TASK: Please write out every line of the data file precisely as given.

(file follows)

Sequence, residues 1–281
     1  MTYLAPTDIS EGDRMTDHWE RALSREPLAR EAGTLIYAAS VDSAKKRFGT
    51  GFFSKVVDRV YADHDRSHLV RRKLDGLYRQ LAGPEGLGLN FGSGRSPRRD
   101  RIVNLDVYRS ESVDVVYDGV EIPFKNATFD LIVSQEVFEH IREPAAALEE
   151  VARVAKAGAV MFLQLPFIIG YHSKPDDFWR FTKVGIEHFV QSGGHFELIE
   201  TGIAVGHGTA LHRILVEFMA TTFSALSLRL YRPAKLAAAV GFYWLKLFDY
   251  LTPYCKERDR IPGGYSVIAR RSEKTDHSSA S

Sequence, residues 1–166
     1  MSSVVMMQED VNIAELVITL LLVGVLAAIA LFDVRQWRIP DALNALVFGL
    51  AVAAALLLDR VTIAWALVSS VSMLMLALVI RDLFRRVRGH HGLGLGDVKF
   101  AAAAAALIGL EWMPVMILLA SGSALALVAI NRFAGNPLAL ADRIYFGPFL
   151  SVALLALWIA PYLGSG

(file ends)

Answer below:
Sequence, residues 1–281
     1  MTYLAPTDIS EGDRMTDHWE RALSREPLAR EAGTLIYAAS VDSAKKRFGT
    51  GFFSKVVDRV YADHDRSHLV RRKLDGLYRQ LAGPEGLGLN FGSGRSPRRD
   101  RIVNLDVYRS ESVDVVYDGV EIPFKNATFD LIVSQEVFEH IREPAAALEE
   151  VARVAKAGAV MFLQLPFIIG YHSKPDDFWR FTKVGIEHFV QSGGHFELIE
   201  TGIAVGHGTA LHRILVEFMA TTFSALSLRL YRPAKLAAAV GFYWLKLFDY
   251  LTPYCKERDR IPGGYSVIAR RSEKTDHSSA S

Sequence, residues 1–166
     1  MSSVVMMQED VNIAELVITL LLVGVLAAIA LFDVRQWRIP DALNALVFGL
    51  AVAAALLLDR VTIAWALVSS VSMLMLALVI RDLFRRVRGH HGLGLGDVKF
   101  AAAAAALIGL EWMPVMILLA SGSALALVAI NRFAGNPLAL ADRIYFGPFL
   151  SVALLALWIA PYLGSG